ACLU Calls for Changes to District Attorney Practices After Reports of Racist, Unjust Policies

By Mathew Seibert and Stacie Guevara

ANAHEIM, CA – The ACLU Foundation of California Monday released reports on Orange County District Attorney Todd Spitzer and Riverside County DA Michael Hestrin, whose offices were found to spend an exorbitant amount of time and resources prosecuting low-level offenses.

The low-level offenses that DA Spitzer and DA Hestrin’s offices spend their time and money on pose little threat to community safety, according to the ACLU, adding the practices may end up worsening long-term outcomes.

District attorneys have great power in the criminal justice system, such as deciding whether or not a juvenile should be tried as an adult, the ACLU noted, arguing there has been a rise in progressive DAs recently, but in Orange and Riverside Counties, the DA practices have contributed to racial disparities in charging and soaring incarceration rates.

“The policy changes recommended within these reports prioritize community-focused alternatives to incarceration,” said Summer Lacey, criminal justice director at Southern California’s ACLU.

“They have been proven to reduce the likelihood that individuals will have future contact with the criminal legal system. The recommendations represent necessary steps that DA Spitzer and DA Hestrin must take to redress glaring inequities against people of color,” Lacey added.

The reports released by the ACLU were aggregated from large amounts of data, but getting the information was a bit tricky at times, the group said.

The ACLU explained that the Orange County DA’s office agreed to turn over information only from when DA Spitzer’s predecessor, Tony Rackauckas, was in office. This showed that charging, among other practices, has not changed much under Spitzer’s time in office.

According to the reports, almost 64 percent of the 259,000 charges made by the Orange County DA’s office in 2017 and 2018 were low-level offenses that should not have been charged so strongly. Those types of offenses should have been declined to charge or redirected to community-based programs, said the ACLU.

For Riverside County, the reports indicated about 57 percent of those low-level offenses should have been diverted or decline-to-charge.

Instead of charging those offenses, the other solutions would make jails less crowded, as well as curb the tendency for those convicted criminals to commit further crimes, the ACLU pointed out.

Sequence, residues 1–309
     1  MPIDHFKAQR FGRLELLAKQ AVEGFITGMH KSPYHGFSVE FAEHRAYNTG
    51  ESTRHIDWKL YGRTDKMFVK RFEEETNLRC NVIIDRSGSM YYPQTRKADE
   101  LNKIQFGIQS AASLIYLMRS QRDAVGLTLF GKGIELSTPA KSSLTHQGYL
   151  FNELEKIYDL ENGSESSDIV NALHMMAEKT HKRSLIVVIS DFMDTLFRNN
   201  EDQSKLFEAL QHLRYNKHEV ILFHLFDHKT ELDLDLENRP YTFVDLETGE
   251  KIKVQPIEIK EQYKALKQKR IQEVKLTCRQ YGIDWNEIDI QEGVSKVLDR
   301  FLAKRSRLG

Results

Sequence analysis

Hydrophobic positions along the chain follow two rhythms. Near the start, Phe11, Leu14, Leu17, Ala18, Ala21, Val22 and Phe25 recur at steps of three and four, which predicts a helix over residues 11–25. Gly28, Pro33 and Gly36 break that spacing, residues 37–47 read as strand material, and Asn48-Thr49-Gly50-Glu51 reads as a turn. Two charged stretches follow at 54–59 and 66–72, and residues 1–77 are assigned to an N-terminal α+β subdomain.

An organizer with Chicanxs Unidxs, Gaby Hernandez, quoted an Orange County report stating that the DA should serve the public by “changing the culture in that department where conviction is not our goal. Understanding that incarceration does not make communities safer … When you link people to supportive services or actual transformational services, you’re going to see a reduction in crime.”

The reports note that Orange County population statistics showed 2.1 percent Black and 5.8 percent of people criminally charged in the county were Black. In Riverside, reports showed 7.3 percent of the population were Black, but 13.9 percent of those criminally charged were Black.

“Activists and academics have likened the current Prison Industrial Complex to a racial caste system and highlighted the ways in which ‘tough on crime’ policies exert social control over predominantly low-income neighborhoods,” the Orange County report explained.

The ACLU also included recommendations from the Riverside report: “Commit to blind charging, which prevents prosecutors from seeing demographic information before making an initial decision whether to charge someone with a crime.”

Orange County also transfers children to adult court at twice the statewide rate, the ACLU report states, noting, “Decades of research has found no evidence of any deterrent effect of transferring minors into the criminal legal system.”

Similarly, Riverside County imprisons youth at 2.5 times the state average. According to the report statistics, Latinx youths were prosecuted 8.6 times more than white youth, while Black youths were prosecuted 4.3 times more than their white counterparts.

The reports also touch on several other topics like how the DA handles “wobbler” offenses; the oppression of sentence enhancements; and the rare prosecution of police officers after they have caused millions of dollars in damages.

About The Author

Mathew is a student enrolled at California State University of Long Beach. I also grew up here in Long Beach California. He aspires to join the military right after he graduates. After his service, he is interested in a career in federal law enforcement or the fire department.

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